CONGRESSMAN BISHOP URGES GEORGIA TO EXPAND MEDICAID SO THAT 478,000 MORE GEORGIANS CAN GAIN HEALTH COVERAGE
ALBANY, GA – Today, Congressman Sanford D. Bishop, Jr. (GA-02) highlighted recent data that shows that there would be 478,000 fewer uninsured Georgians by 2016 if Georgia takes advantage of the Medicaid expansion opportunity provided under the Affordable Care Act.
Due to provisions within the health care law, states are given the option to expand their Medicaid coverage to all adults with incomes below 133% of the national poverty level (around $32,000 for a family of four). If Georgia accepts the Medicaid funding, the state can receive 100% of federal funding to cover costs for the first three years and no less than 90% federal support for those costs in subsequent years. So far, Georgia has opted not to participate.
“Expanding Medicaid is a smart choice for Georgia,” said Congressman Bishop. “It would mean almost half a million fewer uninsured Georgians, greater access to the services and support folks need to stay healthy, and a net savings for the state budget and for consumers.”
A recent report by the Commonwealth Fund finds that by not expanding Medicaid, Georgia will forgo $4.9 billion in federal funding in 2022. Accounting for factors that reduce costs, the Kaiser Family Foundation finds that states as a whole are likely to see net savings from expanding Medicaid. Combining Medicaid costs with a conservative estimate of $18 billion in state and local non-Medicaid savings on uncompensated care, the Medicaid expansion would save states a total of $10 billion over 2013-2022.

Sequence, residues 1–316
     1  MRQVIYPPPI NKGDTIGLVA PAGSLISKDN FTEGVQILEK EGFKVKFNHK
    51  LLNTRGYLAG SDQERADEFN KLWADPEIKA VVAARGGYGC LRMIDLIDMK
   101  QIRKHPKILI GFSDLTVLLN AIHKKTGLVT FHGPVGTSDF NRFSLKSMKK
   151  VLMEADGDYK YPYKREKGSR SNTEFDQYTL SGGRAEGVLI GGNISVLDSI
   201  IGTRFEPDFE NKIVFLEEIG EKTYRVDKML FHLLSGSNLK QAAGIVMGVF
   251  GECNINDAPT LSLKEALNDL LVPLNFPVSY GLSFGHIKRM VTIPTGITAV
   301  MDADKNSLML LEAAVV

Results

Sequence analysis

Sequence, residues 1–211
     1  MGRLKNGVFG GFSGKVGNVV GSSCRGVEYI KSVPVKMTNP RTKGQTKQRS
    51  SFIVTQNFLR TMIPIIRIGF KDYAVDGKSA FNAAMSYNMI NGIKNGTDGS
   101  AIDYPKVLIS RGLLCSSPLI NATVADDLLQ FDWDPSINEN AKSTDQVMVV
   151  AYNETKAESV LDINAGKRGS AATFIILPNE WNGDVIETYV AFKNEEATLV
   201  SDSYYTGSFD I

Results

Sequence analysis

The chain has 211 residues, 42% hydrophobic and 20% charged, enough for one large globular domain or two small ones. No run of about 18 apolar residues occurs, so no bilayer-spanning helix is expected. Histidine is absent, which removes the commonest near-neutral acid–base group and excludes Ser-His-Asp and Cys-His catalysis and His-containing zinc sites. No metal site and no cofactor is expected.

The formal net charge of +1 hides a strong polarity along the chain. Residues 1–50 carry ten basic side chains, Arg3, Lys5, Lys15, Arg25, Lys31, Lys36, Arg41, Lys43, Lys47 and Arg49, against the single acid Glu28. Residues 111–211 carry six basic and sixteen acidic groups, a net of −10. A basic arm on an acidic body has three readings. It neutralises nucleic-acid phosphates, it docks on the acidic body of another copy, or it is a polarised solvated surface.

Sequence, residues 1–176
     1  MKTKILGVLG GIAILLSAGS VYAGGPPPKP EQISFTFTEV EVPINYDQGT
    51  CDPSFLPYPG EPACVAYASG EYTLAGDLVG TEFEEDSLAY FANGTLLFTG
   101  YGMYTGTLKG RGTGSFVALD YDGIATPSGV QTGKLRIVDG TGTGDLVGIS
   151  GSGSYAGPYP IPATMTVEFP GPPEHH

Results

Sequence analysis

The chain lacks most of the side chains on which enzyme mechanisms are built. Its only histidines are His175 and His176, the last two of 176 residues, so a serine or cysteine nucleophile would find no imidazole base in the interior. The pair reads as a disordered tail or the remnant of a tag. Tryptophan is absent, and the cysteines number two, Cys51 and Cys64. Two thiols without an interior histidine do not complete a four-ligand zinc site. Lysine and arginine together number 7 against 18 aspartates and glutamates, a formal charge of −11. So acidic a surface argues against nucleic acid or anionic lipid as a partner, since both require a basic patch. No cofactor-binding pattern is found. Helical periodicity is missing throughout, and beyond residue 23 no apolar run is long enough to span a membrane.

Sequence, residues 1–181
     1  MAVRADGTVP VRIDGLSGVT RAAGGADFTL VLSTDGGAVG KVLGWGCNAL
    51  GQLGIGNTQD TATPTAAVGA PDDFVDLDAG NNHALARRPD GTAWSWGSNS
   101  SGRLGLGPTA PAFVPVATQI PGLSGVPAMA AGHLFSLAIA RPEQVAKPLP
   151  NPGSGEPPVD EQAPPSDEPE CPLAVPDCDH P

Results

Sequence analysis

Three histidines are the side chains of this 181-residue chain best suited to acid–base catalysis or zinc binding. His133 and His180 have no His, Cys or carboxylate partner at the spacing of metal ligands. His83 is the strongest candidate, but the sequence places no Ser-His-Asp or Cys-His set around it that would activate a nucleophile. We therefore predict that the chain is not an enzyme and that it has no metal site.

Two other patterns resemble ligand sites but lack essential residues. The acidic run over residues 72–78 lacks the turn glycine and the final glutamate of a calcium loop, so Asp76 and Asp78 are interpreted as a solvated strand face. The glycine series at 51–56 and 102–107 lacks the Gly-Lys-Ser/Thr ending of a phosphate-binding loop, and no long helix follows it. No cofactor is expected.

“Time is running out,” concluded Bishop. “I urge Georgia to reconsider its decision not to expand Medicaid coverage for our state and accept the federal benefits ready to assist the most vulnerable and at-risk Georgians.”
So far, 26 States and the District of Columbia have accepted this Medicaid expansion opportunity, giving millions of Americans access to affordable health care. In fact, thanks to these states and the opening of the new Health Insurance Marketplaces, six in ten currently uninsured Americans will have access to health coverage for $100 per month or less next year. That number will rise to eight in ten if states that have previously decided not to expand Medicaid coverage – including Georgia – choose to accept the option to extend coverage to the most vulnerable within their state.